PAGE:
Would it kill the people who are mortified by presidential executive orders and their alleged assault on the Constitution to at least read the founding document? “Executive power” is in there. Executive orders are how it’s carried out.
The latest complaint relates to President Barack Obama’s executive actions on guns, but it suggests that he is routinely abusing his power. In his first term, he issued 144 executive orders, which puts him on pace for 288 over two terms. Here are the totals for other two-term presidents: George W. Bush, 291; Bill Clinton, 364; Ronald Reagan, 381; and Dwight Eisenhower, 484. Calvin Coolidge issued 1,203 in six years. Franklin Roosevelt issued 3,522 over 12 years.
But it’s Obama’s orders – especially those related to guns – that have triggered calls for legislative action. U.S. Sen. Rand Paul, R-Ky., and U.S. Rep. Steve Stockman, R-Texas, are working together on a bill to “thwart Obama’s unlawful orders.” As Stockman put it, “No matter his intentions, the Constitution flatly prohibits the president from just making up his own laws.”
He obviously hasn’t studied previous presidents, who used executive orders to desegregate the military (Truman), desegregate schools (Eisenhower), outlaw racial discrimination in government housing, hiring and contracting (Kennedy and Johnson), bar the use of federal funds to “promote” abortion (Reagan) and rescind that abortion order (Clinton).
So let’s see how Obama intends to flex this power with his 23 executive actions on guns, and you judge whether legislation to block them is a proportionate and sensible response. Some examples:
• Require federal agencies to make data available to the federal background check system.
• Improve incentives to get more states to cooperate with background checks.
• Nominate a new director for the Bureau of Alcohol, Tobacco, Firearms and Explosives.
• Provide first responders and teachers with training on how to deal with shooters.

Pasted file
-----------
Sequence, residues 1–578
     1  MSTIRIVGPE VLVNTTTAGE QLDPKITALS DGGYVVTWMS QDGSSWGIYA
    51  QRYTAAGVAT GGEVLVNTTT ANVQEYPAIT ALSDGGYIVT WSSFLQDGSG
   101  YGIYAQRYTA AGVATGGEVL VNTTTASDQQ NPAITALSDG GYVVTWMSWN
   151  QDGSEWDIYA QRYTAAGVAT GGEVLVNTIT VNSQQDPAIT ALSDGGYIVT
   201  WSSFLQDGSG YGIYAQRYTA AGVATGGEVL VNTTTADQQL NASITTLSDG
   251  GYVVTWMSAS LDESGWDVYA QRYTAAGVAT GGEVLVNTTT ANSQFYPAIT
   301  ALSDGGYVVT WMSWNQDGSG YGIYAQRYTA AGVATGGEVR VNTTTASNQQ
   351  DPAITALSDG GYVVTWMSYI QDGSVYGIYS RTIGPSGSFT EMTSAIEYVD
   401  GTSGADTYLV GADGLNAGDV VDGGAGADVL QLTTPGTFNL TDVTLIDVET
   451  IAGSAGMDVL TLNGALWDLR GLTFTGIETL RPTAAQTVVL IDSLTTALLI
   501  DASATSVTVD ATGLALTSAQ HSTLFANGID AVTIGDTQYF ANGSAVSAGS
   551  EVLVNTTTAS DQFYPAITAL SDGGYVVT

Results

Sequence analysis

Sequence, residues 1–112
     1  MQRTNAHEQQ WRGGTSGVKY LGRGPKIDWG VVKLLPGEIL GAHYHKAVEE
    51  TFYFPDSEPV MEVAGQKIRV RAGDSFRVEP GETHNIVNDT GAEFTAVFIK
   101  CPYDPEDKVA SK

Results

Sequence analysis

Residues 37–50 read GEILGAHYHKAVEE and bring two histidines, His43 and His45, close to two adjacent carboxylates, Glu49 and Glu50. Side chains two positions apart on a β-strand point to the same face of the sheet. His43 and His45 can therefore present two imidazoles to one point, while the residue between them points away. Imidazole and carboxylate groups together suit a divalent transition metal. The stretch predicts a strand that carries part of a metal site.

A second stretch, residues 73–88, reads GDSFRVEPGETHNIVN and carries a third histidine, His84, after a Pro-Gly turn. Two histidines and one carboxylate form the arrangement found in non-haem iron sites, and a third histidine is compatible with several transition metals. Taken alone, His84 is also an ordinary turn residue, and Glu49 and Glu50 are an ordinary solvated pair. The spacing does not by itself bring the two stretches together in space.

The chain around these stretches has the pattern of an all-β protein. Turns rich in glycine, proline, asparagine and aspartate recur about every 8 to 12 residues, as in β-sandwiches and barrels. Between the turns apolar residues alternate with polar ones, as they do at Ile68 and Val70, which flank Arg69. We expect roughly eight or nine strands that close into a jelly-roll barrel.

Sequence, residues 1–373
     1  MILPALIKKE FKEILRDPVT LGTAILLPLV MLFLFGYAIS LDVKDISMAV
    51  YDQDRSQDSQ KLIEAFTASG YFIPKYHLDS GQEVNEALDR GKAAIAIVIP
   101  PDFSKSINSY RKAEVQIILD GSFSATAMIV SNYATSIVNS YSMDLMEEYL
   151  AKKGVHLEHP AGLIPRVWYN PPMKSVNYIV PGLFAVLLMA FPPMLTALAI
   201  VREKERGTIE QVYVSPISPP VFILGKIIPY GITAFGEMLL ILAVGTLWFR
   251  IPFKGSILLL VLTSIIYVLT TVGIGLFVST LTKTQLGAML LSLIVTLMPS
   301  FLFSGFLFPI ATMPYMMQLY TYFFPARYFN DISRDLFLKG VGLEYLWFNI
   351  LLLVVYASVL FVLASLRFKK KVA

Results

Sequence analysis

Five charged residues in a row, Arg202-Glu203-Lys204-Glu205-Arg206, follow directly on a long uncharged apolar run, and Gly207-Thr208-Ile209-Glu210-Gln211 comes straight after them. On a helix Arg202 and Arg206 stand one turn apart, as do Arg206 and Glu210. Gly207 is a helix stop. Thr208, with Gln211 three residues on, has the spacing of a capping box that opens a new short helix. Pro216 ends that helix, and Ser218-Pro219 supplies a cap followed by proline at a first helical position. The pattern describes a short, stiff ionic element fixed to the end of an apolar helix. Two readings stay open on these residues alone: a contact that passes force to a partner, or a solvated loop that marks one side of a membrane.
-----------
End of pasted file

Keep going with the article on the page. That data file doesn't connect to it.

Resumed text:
• Launch a national safety campaign.
• Finalize mental health parity legislation to broaden health care access.
All of them are that kind of “radical.” It would be helpful if critics would say why they object, rather than go off half-cocked and imply that the Constitution itself is in the president’s crosshairs.
BAD RAP. Bonner County Sheriff Daryl Wheeler posted a note on his office’s website urging people to contact their representatives in a campaign to push back against Obama’s executive actions on guns. He told the Bonner County Daily Bee, “I’ve been a strong advocate of the Second Amendment, and I’m always going to stand up to make sure that those rights are protected.”
He doesn’t say which of those actions he views as an infringement, but he’s not alone in proclaiming a generalized defiance. Examiner.com reports that at least 127 sheriffs have said they won’t enforce unspecified gun control measures. They’re unspecified because Congress hasn’t taken any action. But if it does, these sheriffs want you to know they’ll be opposed.
The irony is that they would be exercising executive powers that truly don’t exist. But if the law still matters to them, they might want to listen to Sheriff Grayson Robinson of Arapahoe County in Colorado, home of the movie theater massacre:
“Public safety professionals serving in the executive branch do not have the constitutional authority, responsibility, and in most cases, the credentials to determine the constitutionality of any issue. Law enforcement officials should leave it to the courts to decide whether a law is constitutional or not.”
Grant County Sheriff Tom Jones has also posted a public note declaring his allegiance to the Second Amendment. According to an article at KXLY.com, Jones “advocates improved background checks for people buying guns at stores, gun shows and through private sales; creating a system to verify who can legally own guns; improving mental health care; and establishing better partnerships in communities across the nation to help curb gun-related violence.”
Each one of these items is touched on by Obama’s “unconstitutional” executive actions.
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